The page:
- Location: Western San Fernando Valley. From the 118 Freeway, take the Highway 27/Topanga Canyon Blvd. exit and head south for a mile. Turn right on Andora Avenue, which becomes Valley Circle. After 1.2 miles, turn right on Lassen and make an immediate left to continue onto Andora. The signed trailhead is on the right side of the road just past the cemetery. From the south, take Topanga Canyon Blvd. 5.8 miles north from Highway 101 to Lassen. Turn left and follow Lassen 0.8 miles to Andora. Turn left and park at the signed trailhead, almost immediately on the right.
- Agency: Santa Susana Pass State Historic Park
- Distance: 5 miles
- Elevation gain: 1,150 feet
- Suggested time: 2.5 hours
- Difficulty rating: PG-13 (Elevation gain, terrain)
- Best season: October – May
- Dogs: Allowed on leash (exercise caution on warm days; watch out for broken glass and rough terrain)
- Cell phone reception: Good for most of the route; weak to fair in some spots
- Water: None
- Restrooms: None
- Camping/backpacking: None
- Recommended gear: hiking poles sun hat; sunblock; insect repellent
- More information: Foundation for the Preservation of the Santa Susana Mountains (FPSSM) home page here; trip descriptions here and here; Yelp page here
- Rating: 6
Updated October 2018
More than a century ago, the Old Stagecoach Road was the main route between San Francisco and Los Angeles. Santa Susana Pass State Historic Park commemorates this legacy while offering a network of trails with nice views of the San Fernando Valley, the Simi Hills and more. Clear day vistas include the San Gabriel Mountains, the Verdugos and Hollywood Hills. The route described below tours the majority of the park, offering a good workout. Hikers short on time can still have an enjoyable visit by climbing to the plaque or picnic area, while several shorter trails that branch off from the main route invite additional exploration. Signage may vary (the names on signs don’t always reflect the same names on park maps or on Google Maps) but overall, route finding is fairly straightforward. Sadly, the hike loses points due to litter and graffiti, but it still feels surprisingly remote considering its proximity to the Valley.
From the trailhead on Andora, follow the fire road into the park. You pass under some oaks and reach a junction with the Miranda Loop Trail (0.3 mile from the start). Bear right and stay on the main route, signed both as the Andora trail and as the Old Stagecoach Trail. Stay straight at a four way junction and continue gradually uphill. At the next junction (0.8 mile from the start), turn left to stay on the Old Stagecoach Trail. This section of the trail is also known as the Devil’s Slide. The trail immediately becomes steeper and rockier, although the grade and terrain never get too severe. Bear left at a fork (the right route, which at first appears to be the main route, is the Hill Palmer Trail, which heads downhill.)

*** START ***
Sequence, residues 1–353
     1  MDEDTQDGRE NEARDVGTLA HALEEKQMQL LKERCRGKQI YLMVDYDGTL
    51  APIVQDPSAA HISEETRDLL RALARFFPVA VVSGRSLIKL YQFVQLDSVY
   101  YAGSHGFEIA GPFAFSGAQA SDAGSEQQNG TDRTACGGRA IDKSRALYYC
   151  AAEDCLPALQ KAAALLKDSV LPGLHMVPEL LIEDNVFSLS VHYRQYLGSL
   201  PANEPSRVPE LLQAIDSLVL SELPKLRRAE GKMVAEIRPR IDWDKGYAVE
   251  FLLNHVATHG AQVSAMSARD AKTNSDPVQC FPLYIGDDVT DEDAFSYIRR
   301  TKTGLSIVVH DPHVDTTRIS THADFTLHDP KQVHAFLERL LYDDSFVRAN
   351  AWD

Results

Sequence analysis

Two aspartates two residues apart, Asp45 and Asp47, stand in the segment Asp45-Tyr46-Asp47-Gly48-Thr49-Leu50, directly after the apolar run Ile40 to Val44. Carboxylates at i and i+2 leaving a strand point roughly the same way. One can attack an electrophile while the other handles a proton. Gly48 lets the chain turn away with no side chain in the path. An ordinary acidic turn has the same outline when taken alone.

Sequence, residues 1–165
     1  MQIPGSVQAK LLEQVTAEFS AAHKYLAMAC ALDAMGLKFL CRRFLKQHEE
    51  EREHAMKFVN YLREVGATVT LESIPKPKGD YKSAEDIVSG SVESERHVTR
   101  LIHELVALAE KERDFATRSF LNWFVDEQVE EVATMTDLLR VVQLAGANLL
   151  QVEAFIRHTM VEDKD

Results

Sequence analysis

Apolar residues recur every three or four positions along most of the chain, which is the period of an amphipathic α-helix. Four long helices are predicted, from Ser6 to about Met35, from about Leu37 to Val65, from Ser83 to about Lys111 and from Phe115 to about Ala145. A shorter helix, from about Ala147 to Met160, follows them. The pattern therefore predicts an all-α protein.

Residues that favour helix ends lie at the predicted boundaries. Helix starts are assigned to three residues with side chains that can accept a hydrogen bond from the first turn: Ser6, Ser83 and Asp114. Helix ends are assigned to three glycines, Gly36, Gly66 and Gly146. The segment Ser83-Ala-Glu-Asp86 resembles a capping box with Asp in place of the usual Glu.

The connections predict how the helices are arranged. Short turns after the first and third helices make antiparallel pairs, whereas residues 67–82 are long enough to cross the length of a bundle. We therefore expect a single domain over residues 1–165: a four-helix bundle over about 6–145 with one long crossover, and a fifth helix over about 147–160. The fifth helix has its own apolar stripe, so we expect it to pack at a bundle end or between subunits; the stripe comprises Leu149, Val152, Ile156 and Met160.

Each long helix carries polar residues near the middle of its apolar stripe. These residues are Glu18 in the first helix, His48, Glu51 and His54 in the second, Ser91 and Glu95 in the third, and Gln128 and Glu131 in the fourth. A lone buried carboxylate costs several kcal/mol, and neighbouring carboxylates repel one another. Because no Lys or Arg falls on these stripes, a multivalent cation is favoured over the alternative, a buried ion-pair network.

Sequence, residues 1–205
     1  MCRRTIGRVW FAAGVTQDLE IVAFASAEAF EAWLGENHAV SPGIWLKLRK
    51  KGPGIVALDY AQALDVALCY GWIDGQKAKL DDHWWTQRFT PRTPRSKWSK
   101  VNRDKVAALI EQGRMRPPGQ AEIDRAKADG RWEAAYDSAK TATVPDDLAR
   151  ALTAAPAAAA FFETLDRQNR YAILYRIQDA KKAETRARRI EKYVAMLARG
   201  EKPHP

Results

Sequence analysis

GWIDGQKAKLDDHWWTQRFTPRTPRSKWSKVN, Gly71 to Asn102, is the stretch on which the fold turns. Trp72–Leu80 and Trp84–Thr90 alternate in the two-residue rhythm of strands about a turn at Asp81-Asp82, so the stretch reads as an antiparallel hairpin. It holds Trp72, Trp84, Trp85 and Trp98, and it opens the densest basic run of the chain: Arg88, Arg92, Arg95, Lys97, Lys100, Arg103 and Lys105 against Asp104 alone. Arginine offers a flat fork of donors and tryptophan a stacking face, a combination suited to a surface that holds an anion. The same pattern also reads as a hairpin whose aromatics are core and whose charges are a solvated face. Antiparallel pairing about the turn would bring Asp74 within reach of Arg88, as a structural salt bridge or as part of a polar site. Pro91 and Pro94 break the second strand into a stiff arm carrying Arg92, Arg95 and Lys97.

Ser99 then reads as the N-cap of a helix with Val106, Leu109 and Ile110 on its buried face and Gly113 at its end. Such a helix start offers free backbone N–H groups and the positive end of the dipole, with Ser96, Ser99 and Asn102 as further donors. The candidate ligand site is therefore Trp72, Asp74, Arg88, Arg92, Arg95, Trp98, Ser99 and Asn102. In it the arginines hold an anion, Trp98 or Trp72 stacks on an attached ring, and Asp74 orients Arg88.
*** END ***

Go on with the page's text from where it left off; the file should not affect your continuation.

At about 1.2 miles from the start, you reach a tile plaque commemorating the area’s history. This spot, with impressive views, is a popular turnaround point for those wanting a shorter hike. To explore more of the park, continue uphill to a picnic area near an alternate trail head on Lilac Lane. Head right on the unsigned Mattingly Trail and almost immediately make another right at a T-junction. (You can take a detour on the left fork, which climbs to a vista point).
The trail skirts the hillside, dropping into a meadow where you reach another split, 1.9 miles from the start. This is the beginning of the 1.2 mile loop which drops down along the northeast face of the ridge before climbing back up. On the way, look for a car wreck and keep an eye out for poison oak. After returning to the start of the loop in the meadow, retrace your steps back uphill to the picnic area and then down the Old Stagecoach and Andora Trails, back to your starting point.
Text and photography copyright 2018 by David W. Lockeretz, all rights reserved. Information and opinions provided are kept current to the best of the author’s ability. All readers hike at their own risk, and should be aware of the possible dangers of hiking, walking and other outdoor activities. By reading this, you agree not to hold the author or publisher of the content on this web site responsible for any injuries or inconveniences that may result from hiking on this trail. Check the informational links provided for up to date trail condition information.
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